How many lubrication technicians does it take to grease a bearing?

Noria Corporation

One question I commonly get during Noria training classes is: "Our plant has X number of machines. How many lube techs do we need to do a proper job of lubricating them?" While the question may seem simple, the answer is not. You see, it depends on a number of factors.

First and foremost, we must consider physical plant layout. While it may be easy for one technician to maintain 500-plus machines that are laid out in a linear fashion on a single floor, many sites - particularly older plants where expansion has forced machines into every nook and cranny - take more time for even the most experienced tech to navigate, particularly where stairs are involved.

Next, we must consider machine complexity. If most of the assets are simple machine trains (e.g. electric motor, coupling, pump), the number and complexity of lubrication tasks are fairly simple. But, if the machines have multiple oil or grease points in hard-to-reach places, each machine could take a considerable amount of time to maintain.

Then, we need to consider accessibility. If each lube point is easy to access under normal operating conditions, the act of lubricating the machines becomes simple. However, if there are accessibility issues requiring partial disassembly of covers or guards, the time to get to the lube point may exceed the time required to perform the task. In fact, if for safety reasons the task can't be performed without full lockout/tagout, you can opt to make minor modifications in order to turn a downtime task into a runtime task.

Another consideration is the degree to which automation is included in basic machine relubrication. While single- or multi-point lube systems must still be periodically checked and can't be considered as "set it and forget it" add-ons, their use, particularly for hard-to-access lube points, can be a major time-saver.

Finally, we must look at the degree to which condition-based lubrication tasks have been assigned. While tasks such as regreasing motor bearings or changing oil in a process pump are relatively quick and simple, multiplied across multiple plant assets, the time requirements can be significant. Where feasible, convert routine preventive (time-based) tasks to condition-based tasks driven not by the calendar or hour meter but by feedback data from simple inspection or more sophisticated predictive tools (oil analysis, vibration analysis or ultrasonic).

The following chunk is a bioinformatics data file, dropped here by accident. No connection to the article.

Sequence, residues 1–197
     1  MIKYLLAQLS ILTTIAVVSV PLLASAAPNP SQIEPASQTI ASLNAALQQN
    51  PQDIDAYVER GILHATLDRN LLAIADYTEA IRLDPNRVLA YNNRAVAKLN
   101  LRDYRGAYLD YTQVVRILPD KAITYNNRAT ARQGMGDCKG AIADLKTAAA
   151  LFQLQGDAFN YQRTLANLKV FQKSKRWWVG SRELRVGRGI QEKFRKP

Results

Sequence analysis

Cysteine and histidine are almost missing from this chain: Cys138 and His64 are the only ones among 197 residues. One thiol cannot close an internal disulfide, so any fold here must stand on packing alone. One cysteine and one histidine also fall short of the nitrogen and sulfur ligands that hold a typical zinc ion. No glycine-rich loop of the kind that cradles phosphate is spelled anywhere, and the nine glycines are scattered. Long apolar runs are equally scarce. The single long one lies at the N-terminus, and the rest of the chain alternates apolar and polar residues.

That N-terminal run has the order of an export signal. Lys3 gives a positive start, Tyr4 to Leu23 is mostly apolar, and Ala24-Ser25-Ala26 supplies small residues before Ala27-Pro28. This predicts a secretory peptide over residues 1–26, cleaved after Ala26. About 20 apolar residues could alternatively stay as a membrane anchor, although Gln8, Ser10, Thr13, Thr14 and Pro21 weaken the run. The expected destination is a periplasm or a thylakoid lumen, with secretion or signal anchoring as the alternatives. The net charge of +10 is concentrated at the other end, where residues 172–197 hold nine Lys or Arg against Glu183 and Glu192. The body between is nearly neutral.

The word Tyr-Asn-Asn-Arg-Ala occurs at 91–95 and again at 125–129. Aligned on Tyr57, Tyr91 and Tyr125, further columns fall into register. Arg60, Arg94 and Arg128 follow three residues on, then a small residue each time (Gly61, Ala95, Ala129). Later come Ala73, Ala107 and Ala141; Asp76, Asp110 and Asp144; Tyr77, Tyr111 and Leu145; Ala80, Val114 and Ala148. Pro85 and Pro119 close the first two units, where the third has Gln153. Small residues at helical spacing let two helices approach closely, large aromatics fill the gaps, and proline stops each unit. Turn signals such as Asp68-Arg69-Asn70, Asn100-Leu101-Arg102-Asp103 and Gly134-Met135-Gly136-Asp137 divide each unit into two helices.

So, how do you determine the correct staffing levels for lubrication? First, take a look at what work is currently being done in order to rationalize the lube PM list. Studies show that up to 50 percent of all PM tasks either provide no value or are themselves detrimental to the machines. In optimizing lube PMs, consider eliminating as many time-based PMs as possible in favor of condition-based tasks. Also, look at machine design and configuration to determine if downtime tasks can become runtime tasks.

Once you rationalize the list of lube PMs, the next step is to organize the required tasks into routes that are ordered and scheduled in the most efficient, logical manor. This is where many companies miss the mark. While it may seem logical to group like tasks into one lube route (e.g. electric motor regreasing), this can create some real inefficiencies as techs visit the same often-remote location several times a day - perhaps first to grease the motor bearing, then to take an oil sample from the gearbox sitting beside the motor, and finally to grease the pillow block bearings coupled to the gearbox. Instead of grouping tasks based on task type, try to issue work plans and routes based on geographic location to minimize travel time and optimize efficiency. In doing so, routes should include the automatic creation of required "tools" (grease gun with product X, oil sampling kits, etc.) so that kitting for the route becomes simple.

Finally, associate a time stamp with each task or route. For example, imagine a route with 50 tasks; each task should take six minutes to complete. Factoring in 60 minutes for kitting and travel time, the full route should take six hours, or 75 percent of a man-day (assuming an eight-hour shift). Once each route or task type has been time-stamped, it's a straightforward job to convert the total required time to a total required full-time equivalent (FTE) headcount for lubrication.

But wait, you say! What about TPM and operator-assisted lubrication? Whether or not your company subscribes to lean principles, it shouldn't be a factor. There are a finite number of tasks that must be performed, and each task takes a finite number of hours/minutes to complete. So, whether the work is being done by dedicated lube techs, mechanics who are part-time lubricators, or operators, the total number of FTEs required to lube the plant is unchanged.

Noria Corporation is the world's leading trainer in lubrication and oil analysis best practices. Learn more at www.Noria.com.

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